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Thursday, July 24, 2014

Local props to be used for film

Thursday, October 10, 2002

Long before most residents of Buffalo Island had heard the rumor that movie scouts were in the area looking for sites to film John Grisham's "A Painted House," Melton and Monte Emery of Caraway had already had a home visit inquiring about use of props and equipment.

Employees of McGee Street Production spent many hours driving through and around Buffalo Island looking at antique buildings, businesses, towns, equipment and props. As they were traveling from Lepanto, Melton Emery's collection of old tractors and equipment caught their eye. Transportation Captain, Tom Moore, called Emery and left a message inquiring about old equipment for use in the movie.

When Melton's wife Faye related the message to Melton, he told her he didn't want to get involved in that, that it might just be a big mess.

When Moore called back, Monte, Melton's son, answered and was asked again about using the old equipment. Monte agreed to relay the message to his mother Faye and father Melton.

"I believe that he will get interested in it," Mrs. Emery told her son. Sure enough, she was right, Melton got interested, in a big way. After several contacts, several visits, and hearing all about the scenes in the movie, he soon came alive with ideas for props and equipment. He even purchased a large windmill in two sections, one part from Ohio and another section from Texas. He had it shipped in and assembled it for the movie.

"I got a kick out of Tom when he began to read off the list of things he was looking for," Emery said. "I had most everything on his list, right in my back yard, or across the road from the house.

"They were looking for a John Deere B series tractor. I had a 1942 model that I had given to my grandson Jake. It had been restored and repainted."

Melton, Monte and Jake are all tractor enthusiasts and are members of the Bottomland Tractor Club. Jake, age 9, is the youngest member of the club and loves old tractors. The club meets quarterly, at Paragould, and attends three tractor shows each year.

Melton also provided a 1951 Studebaker truck as a prop, along with truck loads of household furnishings, outdoor equipment, and antique barn supplies.

"The movie crew came back several times to get stuff for the movie," Melton said. "Finally, I just gave them a key to the shop and told then to come and look around whenever they wanted to. We have found them to be very friendly and honest people."

Melton and Monte have had almost daily conversations or visits with Mr. Moore, David Weathers, and Cindy LaJuness, who work with props and settings.The props are meticulously placed throughout every scene, while attending to every detail. All furniture at the fictitious Chandler bungalow house are early 1950 period pieces, from the children's room, the parents' room, the living room and hall, and the kitchen.Walking through the house is like walking back in time. Furniture, window shades, wallpaper, and even light fixtures are dated. One large pantry shelf located at the back door is filled from top to bottom with Mrs. Chandler's canned vegetables,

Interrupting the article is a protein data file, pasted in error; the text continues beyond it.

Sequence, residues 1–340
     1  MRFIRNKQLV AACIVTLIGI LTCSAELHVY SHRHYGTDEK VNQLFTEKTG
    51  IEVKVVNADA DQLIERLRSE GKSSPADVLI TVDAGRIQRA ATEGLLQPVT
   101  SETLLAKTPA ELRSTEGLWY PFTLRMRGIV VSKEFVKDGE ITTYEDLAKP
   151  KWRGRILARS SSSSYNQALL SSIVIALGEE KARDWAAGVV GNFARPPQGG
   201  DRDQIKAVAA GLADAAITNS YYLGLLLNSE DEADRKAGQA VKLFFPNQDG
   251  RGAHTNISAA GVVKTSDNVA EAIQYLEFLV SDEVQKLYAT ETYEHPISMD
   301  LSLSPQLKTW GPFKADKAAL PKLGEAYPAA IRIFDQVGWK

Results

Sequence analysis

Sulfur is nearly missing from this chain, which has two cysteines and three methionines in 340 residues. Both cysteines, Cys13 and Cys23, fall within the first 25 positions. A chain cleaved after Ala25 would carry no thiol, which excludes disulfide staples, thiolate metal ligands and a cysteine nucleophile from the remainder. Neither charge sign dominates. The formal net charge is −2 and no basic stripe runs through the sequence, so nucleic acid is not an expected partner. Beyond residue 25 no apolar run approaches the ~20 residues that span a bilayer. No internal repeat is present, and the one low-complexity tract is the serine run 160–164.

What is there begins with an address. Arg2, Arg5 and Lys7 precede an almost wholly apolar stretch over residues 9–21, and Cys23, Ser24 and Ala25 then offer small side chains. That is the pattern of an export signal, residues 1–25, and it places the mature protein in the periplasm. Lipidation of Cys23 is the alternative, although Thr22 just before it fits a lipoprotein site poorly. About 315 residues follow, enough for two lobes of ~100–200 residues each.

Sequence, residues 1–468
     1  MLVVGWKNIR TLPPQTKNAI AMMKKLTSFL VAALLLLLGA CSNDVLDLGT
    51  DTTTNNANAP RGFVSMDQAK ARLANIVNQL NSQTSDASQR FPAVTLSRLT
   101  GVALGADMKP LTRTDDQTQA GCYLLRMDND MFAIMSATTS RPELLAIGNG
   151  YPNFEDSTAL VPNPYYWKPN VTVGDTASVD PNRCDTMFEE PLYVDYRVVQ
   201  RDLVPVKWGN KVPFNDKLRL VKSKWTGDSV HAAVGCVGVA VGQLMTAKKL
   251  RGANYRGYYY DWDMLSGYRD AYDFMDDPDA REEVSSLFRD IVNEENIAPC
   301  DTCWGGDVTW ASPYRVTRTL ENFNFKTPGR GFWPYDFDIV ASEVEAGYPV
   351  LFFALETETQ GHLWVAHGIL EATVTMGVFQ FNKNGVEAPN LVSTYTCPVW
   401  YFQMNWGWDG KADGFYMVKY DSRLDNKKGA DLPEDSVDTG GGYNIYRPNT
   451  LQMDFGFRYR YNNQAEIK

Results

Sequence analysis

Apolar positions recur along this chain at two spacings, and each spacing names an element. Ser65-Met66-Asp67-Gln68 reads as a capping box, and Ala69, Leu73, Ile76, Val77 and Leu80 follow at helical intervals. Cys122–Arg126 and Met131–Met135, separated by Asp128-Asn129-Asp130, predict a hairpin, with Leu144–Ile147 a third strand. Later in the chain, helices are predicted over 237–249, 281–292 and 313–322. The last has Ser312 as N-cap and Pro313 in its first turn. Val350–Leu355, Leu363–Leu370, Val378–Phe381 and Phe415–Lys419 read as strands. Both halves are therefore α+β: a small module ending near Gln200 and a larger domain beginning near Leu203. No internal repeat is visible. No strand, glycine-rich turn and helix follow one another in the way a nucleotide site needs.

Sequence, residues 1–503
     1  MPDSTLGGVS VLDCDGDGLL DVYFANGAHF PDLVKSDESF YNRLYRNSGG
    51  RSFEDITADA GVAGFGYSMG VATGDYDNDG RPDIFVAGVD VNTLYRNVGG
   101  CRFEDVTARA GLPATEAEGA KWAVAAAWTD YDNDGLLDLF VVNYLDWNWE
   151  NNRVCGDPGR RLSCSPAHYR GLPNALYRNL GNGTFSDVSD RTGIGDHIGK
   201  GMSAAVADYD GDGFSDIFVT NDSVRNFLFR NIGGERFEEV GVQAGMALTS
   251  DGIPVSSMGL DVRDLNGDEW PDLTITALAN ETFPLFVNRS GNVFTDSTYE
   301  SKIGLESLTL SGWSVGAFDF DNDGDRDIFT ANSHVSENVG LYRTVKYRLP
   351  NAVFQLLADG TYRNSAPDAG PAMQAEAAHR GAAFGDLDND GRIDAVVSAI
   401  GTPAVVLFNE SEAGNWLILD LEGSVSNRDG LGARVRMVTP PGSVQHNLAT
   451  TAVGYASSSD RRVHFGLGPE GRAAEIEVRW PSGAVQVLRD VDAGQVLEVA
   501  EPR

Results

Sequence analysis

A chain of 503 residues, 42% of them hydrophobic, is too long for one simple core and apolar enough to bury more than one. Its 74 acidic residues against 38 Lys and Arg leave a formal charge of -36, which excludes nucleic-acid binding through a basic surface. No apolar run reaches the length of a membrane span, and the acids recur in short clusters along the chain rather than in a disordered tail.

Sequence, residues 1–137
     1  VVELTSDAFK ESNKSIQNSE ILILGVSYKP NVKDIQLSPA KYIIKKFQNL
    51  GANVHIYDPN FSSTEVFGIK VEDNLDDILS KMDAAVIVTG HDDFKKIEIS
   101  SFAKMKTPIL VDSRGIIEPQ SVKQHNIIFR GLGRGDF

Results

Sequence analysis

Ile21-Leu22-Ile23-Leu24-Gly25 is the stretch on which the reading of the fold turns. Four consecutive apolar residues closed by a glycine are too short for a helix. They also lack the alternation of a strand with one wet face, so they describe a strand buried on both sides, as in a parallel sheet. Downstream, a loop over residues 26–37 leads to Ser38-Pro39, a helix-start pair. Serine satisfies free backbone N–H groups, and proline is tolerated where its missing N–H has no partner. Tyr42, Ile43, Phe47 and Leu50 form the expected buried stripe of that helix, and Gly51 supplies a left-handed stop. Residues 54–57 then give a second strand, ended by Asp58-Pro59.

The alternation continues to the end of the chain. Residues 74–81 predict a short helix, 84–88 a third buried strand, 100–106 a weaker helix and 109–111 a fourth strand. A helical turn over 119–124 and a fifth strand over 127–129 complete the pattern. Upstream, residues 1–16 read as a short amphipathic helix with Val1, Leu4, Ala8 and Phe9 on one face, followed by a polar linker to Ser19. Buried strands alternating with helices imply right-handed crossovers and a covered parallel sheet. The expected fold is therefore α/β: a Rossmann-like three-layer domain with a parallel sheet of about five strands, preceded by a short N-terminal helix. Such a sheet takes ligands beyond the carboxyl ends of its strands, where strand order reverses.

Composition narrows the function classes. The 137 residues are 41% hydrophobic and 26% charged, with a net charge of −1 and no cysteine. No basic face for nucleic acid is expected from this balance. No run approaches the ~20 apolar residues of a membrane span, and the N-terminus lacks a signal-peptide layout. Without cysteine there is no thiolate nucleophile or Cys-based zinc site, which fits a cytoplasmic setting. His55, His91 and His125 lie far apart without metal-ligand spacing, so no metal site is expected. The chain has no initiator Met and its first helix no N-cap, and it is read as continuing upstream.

reminiscent of days when food was grown, prepared and canned for eating through the long winter months.

Several set locations will be used for filming A Painted House. The fictitious Chandler farm is physically located in the Clarksdale community, in the southeast corner of the intersection of Highways 50 and 77. Most of the Emery props will be used at the homestead property, owned by Allen Helms.

Other filming locations and sets include nearby cotton fields, Chandler house, Lepanto Main Street, building replica of Pop Watson's store, barn, vegetable garden, hillbilly Spruill's camp, Luke Chandler's bedroom, Chandler front porch, dirt road, Lepanto Cotton Gin, Dixie Theater, Co-Op, creek, outhouse, the Latcher shack, bridge, soda fountain, hardware store, back porch, and kitchen.

Day eight of the made-for-television Hallmark Hall of Fame film will be filmed first, beginning on Monday, Oct. 7, at the Chandler farm. The film will be a six act play, to be aired in the spring of 2003.

Monte has been hired by the film crew to teach the character Pappy to drive Jake's 1942 tractor. The Emerys added fenders to the tractor, and a double seat so Pappy and Luke could ride in safety. The hero tractor, as it is referred to, has been aged with the use of spray paints.

Jake quickly hopped up on his tractor, at the Chandler farm set, and encouraged sister Sydney, 5, to join him on the double seat. Probably the next time Jake will get to see his tractor, is when the movie is finished.

Jake is a student at Riverside West Elementary in Lake City, where he lives with his parents Monte and Kimberly (Crews) Emery. The Emerys have purchased the old Lake City Hotel, and are in the process of restoring and renovating it into a historic home.

Melton is pleased to have his equipment and props used in the movie.

"I think my kids and grandkids will get a kick out of all this, when the movie comes out," he said. He is quick to brag about his six grandchildren, three boys and three girls. His oldest son Merett, lives in Caraway, and Monte and Mark live in Lake City.

Melton finally has the satisfaction of knowing the old things he has kept all these years will be appreciated and useful again. For years, the Emery name has been synonymous with antiques and old equipment, now his antiques and old equipment will be synonymous with the movie, A Painted House.



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